Latest news
Welcome to the course.
The schedule for the course can be found via the link to webTimeEdit top of the
page.
10/24: Lecture notes added, see Course literature
11/08: Hints to recommended exercises for Chapter1 added (see here)
11/09: MATLAB project added (see here)
11/20: Examination information added
11/20: More past exams papers added
11/27: Modified Matlab codes added (see here)
12/07: OBS! There is an error for Friday 08/12 class on TimeEdit. It is stated there that it is a problem class (lektion), however it will be a lecture (föreläsning). Also note that the location is not Pascal, but KA. Don't get lost!
Teachers
Course coordinator: Alexandr Usachev
(usachev@chalmers.se) I reply to emails from Monday to
Friday 9 am  5 pm
Office hours: Monday 15.1517.00, Thursday
15.1517.00. Come to my office (MVL2126) with your questions
Teaching assistant: Anna Persson (peanna@chalmers.se)
Course representatives:
MPENM adityab@student.chalmers.se ADITYA BHADRAVATHI SRIDHARA
MPENM rigon@student.chalmers.se RIGON DEMISAI
TKIEK theeli@student.chalmers.se THEODOR ELIASSON
TKIEK hardigj@student.chalmers.se JOHAN HÄRDIG
TKTEM erikasa@student.chalmers.se ERIKA SALOMONSSON
Course literature
Lecture notes: Introduction to options pricing theory (pdf)
Program
The time and place of the lectures can be found here.
Lectures
Day  Chapter 
Contents 

31 Oct 
1.1 
Basic financial concepts.
Long and short position. Portfolio. 
1 Nov 
1.1 
Historical volatility.
Options. European/American financial derivatives. 
2 Nov 
1.1 
Money market. Frictionless
markets. 


7 Nov  1.2  Qualitative properties of option prices. Putcall parity. Optimal exercise of American put options. 
8 Nov  2.1, 2.2  Binomial markets. Selffinancing portfolio 
9 Nov Anna 
Proof of Th. 1.1 and Th.
1.2. Exercises 1.8, 1.9 

10 Nov 
2.3 
Arbitrage portfolio.
Arbitragefree binomial markets. 
14 Nov  3.1  Binomial price of European derivatives. 
15 Nov  3.2  Hedging portfolio of European derivatives on binomial markets. 
16 Nov Anna 
Proof of Th. 3.1. Exercises 3.2, 3.3  
17 Nov  4.1, 4.2, 4.3  Binomial price of American derivatives. Optimal exercise time of American put options. 


21 Nov  4.4  Hedging portfolio of American derivatives. Cash flow. 
22 Nov  2.4, 3.3, 4.5  Computation of the binomial price of European/American derivatives with Matlab. 
23 Nov Anna 
Exercise 3.7. Proof of Th. 4.1. Exercise 4.4  
24 Nov  5.1, 5.2  Finite probability spaces. Random variables. Independence.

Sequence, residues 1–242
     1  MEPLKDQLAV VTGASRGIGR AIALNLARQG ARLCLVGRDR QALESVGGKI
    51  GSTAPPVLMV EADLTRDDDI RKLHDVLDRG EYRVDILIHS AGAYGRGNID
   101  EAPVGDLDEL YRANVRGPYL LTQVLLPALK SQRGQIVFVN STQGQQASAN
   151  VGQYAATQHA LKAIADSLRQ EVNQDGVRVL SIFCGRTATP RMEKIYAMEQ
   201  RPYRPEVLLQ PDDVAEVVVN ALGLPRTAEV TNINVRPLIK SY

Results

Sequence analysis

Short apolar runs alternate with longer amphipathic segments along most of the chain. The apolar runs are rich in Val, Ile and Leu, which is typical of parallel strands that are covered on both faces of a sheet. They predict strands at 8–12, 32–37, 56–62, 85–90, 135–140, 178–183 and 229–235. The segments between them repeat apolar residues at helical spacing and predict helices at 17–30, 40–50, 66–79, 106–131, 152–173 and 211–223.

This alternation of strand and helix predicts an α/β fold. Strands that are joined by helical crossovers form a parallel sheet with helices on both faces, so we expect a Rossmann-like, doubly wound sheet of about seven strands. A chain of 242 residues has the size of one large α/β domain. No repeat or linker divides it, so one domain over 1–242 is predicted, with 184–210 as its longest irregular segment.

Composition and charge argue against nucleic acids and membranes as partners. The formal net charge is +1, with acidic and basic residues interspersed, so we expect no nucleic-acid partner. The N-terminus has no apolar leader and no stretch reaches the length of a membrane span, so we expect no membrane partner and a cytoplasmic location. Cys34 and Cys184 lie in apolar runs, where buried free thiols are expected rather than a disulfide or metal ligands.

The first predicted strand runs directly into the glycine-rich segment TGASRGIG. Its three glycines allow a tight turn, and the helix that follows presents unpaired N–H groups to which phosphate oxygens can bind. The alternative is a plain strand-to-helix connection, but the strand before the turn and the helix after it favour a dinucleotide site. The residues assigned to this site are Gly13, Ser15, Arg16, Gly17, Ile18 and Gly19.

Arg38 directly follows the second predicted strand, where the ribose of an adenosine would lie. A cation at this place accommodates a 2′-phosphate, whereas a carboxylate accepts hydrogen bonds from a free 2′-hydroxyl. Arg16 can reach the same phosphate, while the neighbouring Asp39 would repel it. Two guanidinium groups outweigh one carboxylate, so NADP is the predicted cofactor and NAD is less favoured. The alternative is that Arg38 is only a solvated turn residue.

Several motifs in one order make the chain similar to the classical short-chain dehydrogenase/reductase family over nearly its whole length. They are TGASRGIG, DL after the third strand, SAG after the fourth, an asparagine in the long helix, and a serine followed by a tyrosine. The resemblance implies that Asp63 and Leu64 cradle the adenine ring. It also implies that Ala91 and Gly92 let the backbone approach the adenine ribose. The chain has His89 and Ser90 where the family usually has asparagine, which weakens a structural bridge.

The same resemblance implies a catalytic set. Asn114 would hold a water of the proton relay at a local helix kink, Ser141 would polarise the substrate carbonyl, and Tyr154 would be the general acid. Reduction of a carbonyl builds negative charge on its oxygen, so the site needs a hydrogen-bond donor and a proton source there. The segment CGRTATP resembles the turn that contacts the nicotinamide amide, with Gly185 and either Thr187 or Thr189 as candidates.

28 Nov  5.2, 5.3  Expectation and conditional expectation. Stochastic processes. Martingales. 
29 Nov  5.4  Applications of probability theory to the binomial model 
30 Nov Anna 
Exercises 5.9, 5.11, 5.12, 5.17  
1 Dec  5.5  General probability spaces. Central limit theorem. Brownian motion. 
5 Dec  6.1  BlackScholes markets. 
6 Dec  6.2, 6.3  BlackScholes price of European derivatives. Hedging portfolio. BlackScholes price and hedging portfolio of European call and put options 
7 Dec Anna 
Proof of Theorem 5.7(ii), Exercises 5.19, 5.20, 5.27  
8 Dec  6.4, 6.5, 6.6  BlackScholes price of binary options. Implied volatility. Standard European derivatives on a dividend paying stock 
12 Dec  6.7  Optimal exercise time of American calls on a dividend paying stock. 
13 Dec  Review  
14 Dec Anna 
Review old exams  
15 Dec Anna 
Review old exams 
Recommended exercises
The recommended exercises are those marked with the symbol (●) or (☆) in the lecture notes, plus the following from
Appendix D:
Chapter 1: 1, 3, 5, 6 HINTS
Chapter 3: 1, 2, 3, 4, 6
Chapter 4: 1, 2, 3
Chapter 5: 1, 2
Chapter 6: 1, 2, 3, 4, 5, 6
Computer labs
Reference literature:
Learning MATLAB, Tobin A. Driscoll ISBN:
9780898716832 (The book is published by SIAM).
Modified Matlab codes:
European derivatives (see here)
American derivatives (see here)
How to use the function argument (see here)
Course requirements
The learning goals of the course can be found in the course plan.
Assignments
Matlab project (pdf)
The deadline for the submission of the report is December, 15th.
The results will be announced the week thereafter.
Remarks:
(1) The Matlab project is NOT compulsary.
(2) The bonus points of the Matlab project count for the exam in